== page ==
10 March 2009
Necessity, mother of invention
Despite having almost no natural resources, the land between the Tigris and Euphrates (Mesopotamia) was home to the world’s first civilization. The people who settled there made creative use of their meager resources—reeds, rushes, clay, palm trees.
Although most of Mesopotamia was desert, reeds—a general term for any tall, grasslike plant that grows in wet places—grew abundantly along the rivers and canals. The ancient Mesopotamians used reeds to:
•make styluses to write with
•drink beer out of large jars, thus avoiding the sediment at the bottom
•probably make furniture
•burn for fuel
•build boats, some with reed structures on them (see seal impressions)
•build houses (with reeds bound together serving as structural supports, bent reeds forming the curved roof, woven reeds serving as walls and "carpeting," and perhaps a clay "skin" for insulation)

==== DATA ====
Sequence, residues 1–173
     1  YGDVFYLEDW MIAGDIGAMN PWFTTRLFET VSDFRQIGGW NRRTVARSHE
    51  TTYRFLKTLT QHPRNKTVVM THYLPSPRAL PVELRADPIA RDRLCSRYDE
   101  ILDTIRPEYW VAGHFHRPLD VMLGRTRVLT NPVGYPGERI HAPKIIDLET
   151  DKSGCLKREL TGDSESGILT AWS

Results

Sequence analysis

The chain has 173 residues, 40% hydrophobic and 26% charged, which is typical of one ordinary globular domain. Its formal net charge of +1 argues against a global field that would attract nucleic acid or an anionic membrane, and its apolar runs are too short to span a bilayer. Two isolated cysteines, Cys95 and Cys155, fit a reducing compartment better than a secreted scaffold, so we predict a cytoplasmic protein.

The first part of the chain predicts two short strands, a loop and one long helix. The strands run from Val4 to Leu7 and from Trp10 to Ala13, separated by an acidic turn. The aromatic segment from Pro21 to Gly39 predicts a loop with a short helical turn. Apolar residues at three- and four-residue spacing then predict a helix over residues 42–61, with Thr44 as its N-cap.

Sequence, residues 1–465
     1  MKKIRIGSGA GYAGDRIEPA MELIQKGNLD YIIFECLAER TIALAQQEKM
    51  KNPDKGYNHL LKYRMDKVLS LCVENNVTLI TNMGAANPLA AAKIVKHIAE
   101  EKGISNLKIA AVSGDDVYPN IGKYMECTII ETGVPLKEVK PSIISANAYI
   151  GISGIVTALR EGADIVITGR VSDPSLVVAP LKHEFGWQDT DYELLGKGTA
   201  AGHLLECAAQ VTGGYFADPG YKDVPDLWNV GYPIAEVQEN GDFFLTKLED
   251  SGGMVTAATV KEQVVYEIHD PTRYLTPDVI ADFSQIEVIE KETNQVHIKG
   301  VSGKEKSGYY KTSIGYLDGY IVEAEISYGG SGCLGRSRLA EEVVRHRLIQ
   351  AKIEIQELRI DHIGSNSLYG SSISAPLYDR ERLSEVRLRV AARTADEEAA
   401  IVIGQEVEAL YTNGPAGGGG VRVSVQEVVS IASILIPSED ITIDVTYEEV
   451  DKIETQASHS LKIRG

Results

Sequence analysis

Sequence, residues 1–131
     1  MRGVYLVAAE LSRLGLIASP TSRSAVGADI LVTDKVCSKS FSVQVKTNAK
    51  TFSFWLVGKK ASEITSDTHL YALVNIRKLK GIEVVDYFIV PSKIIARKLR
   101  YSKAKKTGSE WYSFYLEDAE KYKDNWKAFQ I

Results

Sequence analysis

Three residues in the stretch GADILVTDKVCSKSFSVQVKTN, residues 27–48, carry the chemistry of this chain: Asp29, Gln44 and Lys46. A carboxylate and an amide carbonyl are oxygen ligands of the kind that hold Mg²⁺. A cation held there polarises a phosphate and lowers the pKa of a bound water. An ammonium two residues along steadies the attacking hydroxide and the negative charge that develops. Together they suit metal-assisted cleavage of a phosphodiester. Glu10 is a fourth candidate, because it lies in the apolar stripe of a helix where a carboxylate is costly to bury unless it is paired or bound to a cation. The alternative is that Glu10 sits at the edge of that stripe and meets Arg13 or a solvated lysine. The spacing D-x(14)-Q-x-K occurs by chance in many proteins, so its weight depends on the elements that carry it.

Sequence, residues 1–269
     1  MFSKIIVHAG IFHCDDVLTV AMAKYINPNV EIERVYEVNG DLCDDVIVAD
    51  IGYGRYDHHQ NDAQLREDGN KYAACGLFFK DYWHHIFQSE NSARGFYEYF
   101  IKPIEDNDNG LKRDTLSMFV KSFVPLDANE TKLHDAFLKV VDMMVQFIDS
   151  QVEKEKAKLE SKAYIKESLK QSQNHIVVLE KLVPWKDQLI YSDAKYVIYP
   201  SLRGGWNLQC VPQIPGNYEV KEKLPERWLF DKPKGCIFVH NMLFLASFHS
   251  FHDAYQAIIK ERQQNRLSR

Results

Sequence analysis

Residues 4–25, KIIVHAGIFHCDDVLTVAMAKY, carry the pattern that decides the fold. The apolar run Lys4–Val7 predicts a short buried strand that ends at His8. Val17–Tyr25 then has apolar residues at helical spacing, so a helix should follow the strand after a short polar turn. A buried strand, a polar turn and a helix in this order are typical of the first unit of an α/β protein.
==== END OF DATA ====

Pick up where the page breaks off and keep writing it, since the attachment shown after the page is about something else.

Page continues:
A comparison of ancient carvings of reed houses with modern reed houses suggests reed houses in Mesopotamia have changed little in thousands of years. The Ma'dān (“Marsh Arabs”) of Southern Iraq and some others who live in marshy areas still make reed mats, furniture, and buildings. The picture at left shows a particularly elegant reed house, apparently wired for electricity given the light fixture on the right side.
Carleen Brice is running a poll at her White Readers Read Black Authors blog. She invites you to stop by and cast a vote for whether you think bookstores should have a separate section for African-American fiction.